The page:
Adoration is one of the most beautiful ways to see to one of the most profound desires of our heart, that is to see the face of the living God, and to hear his voice. Ps. 105:4 encourages us to “Seek the Lord and his strength; seek his presence continually”. We do so directly whenever we come to Adoration.
Adoration is centred around the exposition of the Blessed Sacrament, that is Jesus in the Eucharist. Just before Jesus ascended back into Heaven he left us a promise, “I am with you always, to the end of the age” (Mt. 28:20). In this promise Jesus gives us, not only his spiritual presence in our hearts, but more concretely, his very self in the Eucharist. This concrete presence is shown forth by Jesus in his encounter with Cleopas and his companion on the road to Emmaus (Lk. 24:13-35). In this encounter we see Jesus walking with his disciples. Their hearts are kept from recognizing him until he breaks bread with them. When he breaks bread, that is celebrates mass for them, their eyes are opened. What seems strange is that Jesus disappears imediately after that, leaving behind only the bread which he just blessed and broke. What he was doing for them is opening their eyes of their faith to understand that he is truly present in the Eucharist. This is a repetition of what Jesus did in Mk. 14:22, “While they were eating, he took a loaf of bread, and after blessing it he broke it, gave it to them, and said, “Take; this is my body.”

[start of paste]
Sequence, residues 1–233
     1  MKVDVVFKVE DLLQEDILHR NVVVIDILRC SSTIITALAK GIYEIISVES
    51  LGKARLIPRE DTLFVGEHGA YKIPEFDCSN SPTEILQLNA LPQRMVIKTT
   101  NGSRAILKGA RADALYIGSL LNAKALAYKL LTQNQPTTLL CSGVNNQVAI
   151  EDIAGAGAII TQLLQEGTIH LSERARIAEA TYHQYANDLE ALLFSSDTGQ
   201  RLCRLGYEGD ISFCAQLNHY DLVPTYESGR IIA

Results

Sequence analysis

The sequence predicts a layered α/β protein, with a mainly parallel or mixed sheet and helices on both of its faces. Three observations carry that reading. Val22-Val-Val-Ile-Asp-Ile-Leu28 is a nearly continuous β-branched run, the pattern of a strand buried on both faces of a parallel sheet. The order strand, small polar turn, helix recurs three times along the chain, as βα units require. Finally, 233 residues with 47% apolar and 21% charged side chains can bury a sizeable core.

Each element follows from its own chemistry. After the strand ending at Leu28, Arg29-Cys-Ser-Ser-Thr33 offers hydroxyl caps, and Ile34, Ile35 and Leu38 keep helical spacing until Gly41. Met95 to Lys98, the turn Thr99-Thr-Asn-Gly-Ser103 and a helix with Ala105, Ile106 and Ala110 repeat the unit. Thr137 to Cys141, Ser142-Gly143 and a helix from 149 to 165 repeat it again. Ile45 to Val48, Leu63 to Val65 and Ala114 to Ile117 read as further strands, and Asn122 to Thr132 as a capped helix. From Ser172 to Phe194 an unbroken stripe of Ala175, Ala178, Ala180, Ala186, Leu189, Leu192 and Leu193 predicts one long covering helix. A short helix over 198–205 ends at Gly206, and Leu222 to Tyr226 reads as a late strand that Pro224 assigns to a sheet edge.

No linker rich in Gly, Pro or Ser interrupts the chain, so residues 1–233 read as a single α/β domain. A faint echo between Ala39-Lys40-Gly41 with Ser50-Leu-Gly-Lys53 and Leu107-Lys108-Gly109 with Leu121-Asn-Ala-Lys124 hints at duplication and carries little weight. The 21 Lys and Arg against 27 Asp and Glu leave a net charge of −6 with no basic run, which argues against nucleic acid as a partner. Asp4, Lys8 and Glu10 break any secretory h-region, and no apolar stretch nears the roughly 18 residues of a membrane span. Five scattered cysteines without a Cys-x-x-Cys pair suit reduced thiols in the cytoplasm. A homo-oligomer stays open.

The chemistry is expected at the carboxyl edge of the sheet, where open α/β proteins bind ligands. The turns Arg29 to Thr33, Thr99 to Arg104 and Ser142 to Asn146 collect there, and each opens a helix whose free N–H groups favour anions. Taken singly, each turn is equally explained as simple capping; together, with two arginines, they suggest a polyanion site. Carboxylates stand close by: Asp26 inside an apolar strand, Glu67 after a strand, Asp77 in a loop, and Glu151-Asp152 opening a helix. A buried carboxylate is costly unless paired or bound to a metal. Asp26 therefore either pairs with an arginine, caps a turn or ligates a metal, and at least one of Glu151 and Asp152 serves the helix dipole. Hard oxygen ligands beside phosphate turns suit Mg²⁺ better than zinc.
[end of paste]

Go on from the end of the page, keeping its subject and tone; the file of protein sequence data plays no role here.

Whenever we approach the Lord who is present upon the Altar exposed in the monstrance we come before the very throne of God. God sits there waiting for you and me to come and adore him. St. Therese of Lisieux points out, “Do you know that Jesus is present in the tabernacles expressely for you. For you alone?”. It is true. The Author of all life deems it important enough to await our presence that he stays perpetually in the Eucharist so that we might come to him and know him. And we are all welcome in his presence. Jesus says in Jn. 6:37, “All that the Father gives me will come to me, and whoever comes to me I will never cast out.”
Catechism of the Catholic Church, 1378
“Worship of the Eucharist. In the liturgy of the Mass we express our faith in the real presence of Christ under the species of bread and wine by, among other ways, genuflecting or bowing deeply as a sign of adoration of the Lord. "The Catholic Church has always offered and still offers to the sacrament of the Eucharist the cult of adoration, not only during Mass, but also outside of it, reserving the consecrated hosts with the utmost care, exposing them to the solemn veneration of the faithful, and carrying them in procession".
© Roman Catholic Archdiocese of Toronto - used with permission.